Northern stoneware saw its apex in the sale’s fourth lot, a 4-gallon stoneware jar made by the Nathan Clark Pottery of Rochester, N.Y., which featured a standing deer and boldly impressed maker’s name. It found a new home with a private collector in Pennsylvania for $72,000, the third highest result of the day. Zipp noted that it had been consigned from another Midwest collection and said it was “one of the nicest examples of Rochester stoneware we’ve ever handled.”
Another private collector also paid $72,000 – and beat out underbidder Rob Hunter – for a stoneware flask with reddish glaze attributed to the Crolius family of Manhattan, N.Y., second or third quarter Eighteenth Century. Though the flask was not signed, it bore the same stylized foliate decoration as that featured on a four-sided tea cannister sold at Crocker Farm in 2018 and drew parallels to the same freehand incising of William Crolius’ circa 1773 heart-shaped inkstand at the Metropolitan Museum.
A stoneware pitcher with an elaborate incised and cobalt decorated bird scene by Henry Remmey Sr of Baltimore earned $57,000, a sizeable increase over its $20/40,000 estimate, despite the fact that it had been sold at Crocker Farm in 2007, for $69,000. Zipp reported it found a new home with a private collector in the South.
A batter pail by Cowden & Wilcox of Harrisburg, Penn., which featured three images of the “Man in the Moon,” achieved $54,000, more than twice its high estimate from a private collector. Zipp acknowledged the result was “certainly a record for a Cowden & Wilcox batter pail.” When asked, he noted the market for central Pennsylvania stoneware is particularly hot, pointing to its artistic decoration, and there is a large surviving body of superlative examples as a reason for the depth of interest.
Several good examples of Moravian green-glazed redware animal-form flasks and bottles have come to market recently, notably a large fish flask that set a new record for a Moravian bottle when it sold in New York City in January for $138,600. Crocker Farm received from the same Kentucky seller a turtle bottle and a fish bottle just after the catalog went to press but featured them on an inserted addendum. Offered first, the fish flask swam to an unidentified institution for $30,000; the turtle bottle sold for $45,000 to a private redware collector who fended offtwo other advanced redware collectors.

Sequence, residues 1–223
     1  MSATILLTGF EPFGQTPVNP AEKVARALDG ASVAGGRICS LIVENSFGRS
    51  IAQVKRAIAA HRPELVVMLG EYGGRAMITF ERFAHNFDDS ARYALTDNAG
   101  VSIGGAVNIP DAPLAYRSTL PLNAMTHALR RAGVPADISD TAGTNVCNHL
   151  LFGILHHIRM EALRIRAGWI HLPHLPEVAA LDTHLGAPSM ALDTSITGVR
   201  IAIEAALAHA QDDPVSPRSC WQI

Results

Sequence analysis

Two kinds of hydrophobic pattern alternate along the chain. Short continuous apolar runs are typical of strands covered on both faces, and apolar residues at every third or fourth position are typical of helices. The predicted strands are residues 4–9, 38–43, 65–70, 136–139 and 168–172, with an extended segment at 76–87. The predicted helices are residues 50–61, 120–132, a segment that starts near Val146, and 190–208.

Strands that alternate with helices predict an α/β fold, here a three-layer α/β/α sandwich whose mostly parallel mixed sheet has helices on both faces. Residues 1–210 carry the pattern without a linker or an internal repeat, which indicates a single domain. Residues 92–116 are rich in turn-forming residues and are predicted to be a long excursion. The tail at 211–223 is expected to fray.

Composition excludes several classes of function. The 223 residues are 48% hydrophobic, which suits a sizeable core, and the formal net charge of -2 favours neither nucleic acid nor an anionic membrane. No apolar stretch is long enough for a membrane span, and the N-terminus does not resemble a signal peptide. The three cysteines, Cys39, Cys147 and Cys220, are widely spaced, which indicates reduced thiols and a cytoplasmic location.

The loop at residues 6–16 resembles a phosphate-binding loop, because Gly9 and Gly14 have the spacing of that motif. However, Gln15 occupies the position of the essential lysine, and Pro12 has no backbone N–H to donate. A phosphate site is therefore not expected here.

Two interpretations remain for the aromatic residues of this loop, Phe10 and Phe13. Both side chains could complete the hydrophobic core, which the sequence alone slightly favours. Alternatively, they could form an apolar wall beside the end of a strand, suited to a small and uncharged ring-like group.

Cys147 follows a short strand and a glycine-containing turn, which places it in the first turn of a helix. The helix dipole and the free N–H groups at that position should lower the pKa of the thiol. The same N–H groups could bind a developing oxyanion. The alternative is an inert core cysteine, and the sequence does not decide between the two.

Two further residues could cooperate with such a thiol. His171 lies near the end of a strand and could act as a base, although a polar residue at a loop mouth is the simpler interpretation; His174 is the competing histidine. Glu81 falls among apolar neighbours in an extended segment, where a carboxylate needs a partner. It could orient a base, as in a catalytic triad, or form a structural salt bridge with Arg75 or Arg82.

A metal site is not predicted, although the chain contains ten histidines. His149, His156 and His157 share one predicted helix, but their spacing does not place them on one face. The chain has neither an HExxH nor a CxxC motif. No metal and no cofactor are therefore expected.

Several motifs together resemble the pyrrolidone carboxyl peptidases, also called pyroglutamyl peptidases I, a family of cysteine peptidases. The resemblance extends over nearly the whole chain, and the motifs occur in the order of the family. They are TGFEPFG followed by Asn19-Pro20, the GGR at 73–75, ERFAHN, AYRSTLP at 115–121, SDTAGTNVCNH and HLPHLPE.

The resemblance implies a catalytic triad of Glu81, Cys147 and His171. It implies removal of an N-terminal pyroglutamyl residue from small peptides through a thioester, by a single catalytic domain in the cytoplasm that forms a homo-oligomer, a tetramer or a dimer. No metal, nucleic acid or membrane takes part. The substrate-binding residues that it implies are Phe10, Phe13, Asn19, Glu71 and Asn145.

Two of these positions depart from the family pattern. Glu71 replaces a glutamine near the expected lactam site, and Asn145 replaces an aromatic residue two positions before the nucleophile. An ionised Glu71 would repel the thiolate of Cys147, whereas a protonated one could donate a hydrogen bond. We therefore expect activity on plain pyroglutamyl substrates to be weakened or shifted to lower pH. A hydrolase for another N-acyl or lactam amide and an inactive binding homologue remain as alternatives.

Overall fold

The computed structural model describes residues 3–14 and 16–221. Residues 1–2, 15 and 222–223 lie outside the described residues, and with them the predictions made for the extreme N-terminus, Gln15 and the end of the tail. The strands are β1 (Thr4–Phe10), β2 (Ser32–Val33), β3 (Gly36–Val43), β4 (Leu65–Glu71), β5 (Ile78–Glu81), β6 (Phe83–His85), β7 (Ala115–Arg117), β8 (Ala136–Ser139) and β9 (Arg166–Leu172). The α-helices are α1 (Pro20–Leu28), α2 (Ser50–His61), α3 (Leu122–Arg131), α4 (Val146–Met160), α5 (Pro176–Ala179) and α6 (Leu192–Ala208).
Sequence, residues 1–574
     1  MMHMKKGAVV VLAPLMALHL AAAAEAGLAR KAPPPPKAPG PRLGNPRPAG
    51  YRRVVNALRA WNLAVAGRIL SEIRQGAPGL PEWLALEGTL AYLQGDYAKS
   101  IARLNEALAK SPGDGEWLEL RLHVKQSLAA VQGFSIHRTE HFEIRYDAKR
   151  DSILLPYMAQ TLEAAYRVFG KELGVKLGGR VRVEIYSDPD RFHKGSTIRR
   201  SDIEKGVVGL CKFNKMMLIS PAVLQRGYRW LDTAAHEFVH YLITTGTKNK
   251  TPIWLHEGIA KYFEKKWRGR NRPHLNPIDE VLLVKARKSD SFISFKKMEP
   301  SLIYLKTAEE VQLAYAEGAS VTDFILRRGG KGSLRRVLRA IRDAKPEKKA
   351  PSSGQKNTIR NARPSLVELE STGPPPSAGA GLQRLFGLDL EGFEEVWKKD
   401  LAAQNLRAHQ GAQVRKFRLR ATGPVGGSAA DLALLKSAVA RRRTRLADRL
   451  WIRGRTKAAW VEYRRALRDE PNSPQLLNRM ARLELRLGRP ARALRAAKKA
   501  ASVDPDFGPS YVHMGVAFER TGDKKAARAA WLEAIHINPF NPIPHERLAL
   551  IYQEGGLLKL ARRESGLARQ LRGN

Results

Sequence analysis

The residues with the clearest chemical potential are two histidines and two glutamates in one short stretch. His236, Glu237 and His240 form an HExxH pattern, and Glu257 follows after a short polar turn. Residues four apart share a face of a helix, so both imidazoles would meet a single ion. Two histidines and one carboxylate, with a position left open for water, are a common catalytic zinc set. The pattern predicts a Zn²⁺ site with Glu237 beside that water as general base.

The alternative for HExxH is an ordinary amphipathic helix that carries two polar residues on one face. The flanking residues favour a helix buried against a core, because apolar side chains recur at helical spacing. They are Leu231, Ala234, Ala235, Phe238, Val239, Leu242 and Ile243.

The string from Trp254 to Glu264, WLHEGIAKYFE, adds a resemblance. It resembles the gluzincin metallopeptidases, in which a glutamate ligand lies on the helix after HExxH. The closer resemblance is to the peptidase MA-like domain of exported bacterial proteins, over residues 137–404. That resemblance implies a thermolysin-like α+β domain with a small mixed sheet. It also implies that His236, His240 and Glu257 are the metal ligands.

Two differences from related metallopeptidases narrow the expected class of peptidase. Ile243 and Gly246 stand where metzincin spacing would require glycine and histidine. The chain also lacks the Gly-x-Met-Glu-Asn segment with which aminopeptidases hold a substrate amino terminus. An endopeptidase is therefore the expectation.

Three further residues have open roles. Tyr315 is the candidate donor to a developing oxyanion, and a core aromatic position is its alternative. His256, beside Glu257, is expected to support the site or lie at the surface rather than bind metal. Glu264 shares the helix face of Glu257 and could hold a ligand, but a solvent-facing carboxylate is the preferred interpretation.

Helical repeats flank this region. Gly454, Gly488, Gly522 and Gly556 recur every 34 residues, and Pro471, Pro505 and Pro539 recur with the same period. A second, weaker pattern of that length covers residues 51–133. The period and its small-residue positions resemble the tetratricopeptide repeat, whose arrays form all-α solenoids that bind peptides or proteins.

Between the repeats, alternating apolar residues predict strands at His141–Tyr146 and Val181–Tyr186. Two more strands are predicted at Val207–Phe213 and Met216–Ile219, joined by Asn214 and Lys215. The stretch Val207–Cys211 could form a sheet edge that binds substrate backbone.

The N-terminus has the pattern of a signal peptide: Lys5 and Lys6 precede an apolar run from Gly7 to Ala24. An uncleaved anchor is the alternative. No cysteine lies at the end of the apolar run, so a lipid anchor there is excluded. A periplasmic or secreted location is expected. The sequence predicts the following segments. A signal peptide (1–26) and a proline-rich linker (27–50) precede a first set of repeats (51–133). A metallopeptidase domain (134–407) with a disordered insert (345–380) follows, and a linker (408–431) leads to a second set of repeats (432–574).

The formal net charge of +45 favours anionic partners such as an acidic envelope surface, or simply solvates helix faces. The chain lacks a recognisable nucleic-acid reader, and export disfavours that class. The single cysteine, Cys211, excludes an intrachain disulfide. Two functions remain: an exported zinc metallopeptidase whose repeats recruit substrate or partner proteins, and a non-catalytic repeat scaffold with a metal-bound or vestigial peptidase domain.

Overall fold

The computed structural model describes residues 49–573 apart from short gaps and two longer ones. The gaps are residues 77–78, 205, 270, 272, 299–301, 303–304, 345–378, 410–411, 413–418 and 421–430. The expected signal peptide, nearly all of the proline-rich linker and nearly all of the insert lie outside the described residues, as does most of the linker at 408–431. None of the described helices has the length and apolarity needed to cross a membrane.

A stoneware jug from Morgantown, W.Va., featured the cobalt scene of an Indian chief and woman, a decorative motif so unusual it was immediately recognizable as being the same jug sold March 23-25, 1939, at New York City’s Parke-Bernet Galleries, from the collection of New York financier, Alfred Barmore Maclay (1871-1944). A stoneware collector in the American South paid $25,200 for it.
A redware collector from New York paid $24,000 for a redware jar, described as “exceptional” with “profuse” slip decoration that Luke Zipp said was probably from Norwalk, Conn. Dating to the early to mid-Nineteenth Century, Zipp said it was “characteristic” of Norwalk’s production and was “absolutely remarkable…in incredible condition.”
Crocker Farm’s next auction of redware and stoneware will take place in July, date to be announced.
Prices quoted include the buyer’s premium as reported by the auction house. For information, www.crockerfarm.com, firstname.lastname@example.org or 410-472-2016.